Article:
Total debt (Pre IPO) - Rs 297 crore as of June 2019
Total debt (Post IPO)- Rs 249 crore
Equity (Post IPO) - Rs 678 crore
Net debt to equity (Post - IPO): 0.35 times

Company/Business:

1. Are the company's earnings before tax more than Rs 50 cr in the past twelve months?
Yes, the company's earnings before tax stood at Rs 111.5 crore in FY19.

2. Will the company be able to scale up its business?
Yes, the plastic pipes and fittings industry is expected to grow to Rs 500-550 Bn in 2024 from the current Rs 290-300 Bn, driven by several factors, including changing consumer preferences for plastic pipes and government-led schemes like 'Housing for All,' Nal se Jal and others. Around 60-65 per cent of the industry is organised and reforms like GST are expected to push this share upwards, thereby empowering the company to scale up its business.

3. Does the company have a recognisable brand (s), which is truly valued by its customers?
No. Although the company increased its ad and sales promotion expenses from 1.1 per cent in March 2016 to 2.7 per cent of its total revenue in March 2019, the low market share of five per cent in a highly competitive industry depicts low brand power. Moreover, the company's revenue growth of 13 per cent over the last three years is near 10-12 per cent of the industry growth.

4. Does the company have high repeat customer usage?
No. Since pipes and fittings have extended life cycles that go up to decades, the product replacement takes years.

5. Does the company have a credible moat?
No, although the company's distribution network increased from 766 in March 2017 to 1408 in October 2019 and it had six manufacturing facilities across the country, such competitive advantage has not translated into numbers. The inventory days increased to 52 days in March 2019 from 36 days in March 2016, depicting a low inventory churn. Besides, the company also has lower operating margins as compared to its prominent peers, which depicts mediocre operational efficiency.

6. Is the company sufficiently robust to major regulatory or geopolitical risks?
No, raw material costs account for 65-70 per cent of the operating income. The price of raw material is dependent on crude oil prices, which can be affected by regulatory or geopolitical risks. Besides, the company doesn't have any long-term supply contract for the raw material. The company is also prone to factors like depreciation of the rupee and import duties imposed.

7. Is the company's business immune from easy replication by new players?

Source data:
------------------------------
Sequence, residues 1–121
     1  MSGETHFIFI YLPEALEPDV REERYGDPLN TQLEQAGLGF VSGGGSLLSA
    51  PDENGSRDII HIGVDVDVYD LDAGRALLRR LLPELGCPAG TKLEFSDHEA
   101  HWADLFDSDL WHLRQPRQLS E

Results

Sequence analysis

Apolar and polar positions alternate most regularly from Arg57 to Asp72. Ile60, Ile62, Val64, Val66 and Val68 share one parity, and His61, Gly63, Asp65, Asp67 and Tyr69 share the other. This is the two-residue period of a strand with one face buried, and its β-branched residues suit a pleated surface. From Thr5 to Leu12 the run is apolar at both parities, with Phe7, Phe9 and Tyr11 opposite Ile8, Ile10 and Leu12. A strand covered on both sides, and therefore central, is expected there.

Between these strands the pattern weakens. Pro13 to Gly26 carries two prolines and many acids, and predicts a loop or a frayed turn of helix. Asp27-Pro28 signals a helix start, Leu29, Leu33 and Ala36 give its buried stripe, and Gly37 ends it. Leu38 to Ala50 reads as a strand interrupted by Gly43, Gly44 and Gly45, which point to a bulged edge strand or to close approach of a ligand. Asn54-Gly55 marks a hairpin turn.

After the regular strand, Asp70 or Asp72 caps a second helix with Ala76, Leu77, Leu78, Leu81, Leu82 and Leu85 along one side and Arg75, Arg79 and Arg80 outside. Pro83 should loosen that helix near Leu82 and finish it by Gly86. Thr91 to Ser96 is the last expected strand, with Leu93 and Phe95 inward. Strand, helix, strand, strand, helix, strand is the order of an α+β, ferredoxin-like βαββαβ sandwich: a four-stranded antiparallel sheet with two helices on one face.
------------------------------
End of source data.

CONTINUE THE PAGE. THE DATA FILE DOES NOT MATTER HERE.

No, around 71 per cent of the company's sales (FY19) were derived from the pipes made of unplasticised polyvinyl chloride (uPVC). This chemical compound requires low technical know-how and can be replicated by new players easily.

8. Is the company's product able to withstand being easily substituted or outdated?
Yes, more than 70 per cent of sales come from irrigation and plumbing purposes under which, mainly UPVC and CPVC pipes are used. Not many substitutes are available for such sort of pipes.

9. Are the customers of the company devoid of significant bargaining power?
No, the company sells Prince piping products to distributors, who then resell the products to wholesalers, retailers, and plumbers. Whereas, its Trubore products are directly sold to wholesalers and retailers. The pipes and fitting industry is a highly competitive industry, with several players operating in it. Although the organised segment accounts for 60-65 per cent of the total industry, the top player accounts for around 10 per cent of the total industry. Customers have a range of options to choose from.

10. Are the suppliers of the company devoid of significant bargaining power?
No, the supply of key raw materials for the company is met through a mix of domestic procurement and imports. In India, the production is dominated by a few big players. Moreover, the price of raw material is dependent on crude oil prices.

11. Is the level of competition the company faces relatively low?
No, the pipes and fitting industry is highly competitive with almost 60-65 per cent of the market dominated by organised players. Also, the largest player in the industry is Supreme Industries Ltd, which commands a market share of around 11 per cent.

Management
12. Does any of the company's founders still hold at least a five per cent stake in the company? Or do promoters totally hold more than 25 per cent stake in the company?
Yes, Post IPO, the promoters will hold around 65.8 per cent of the company.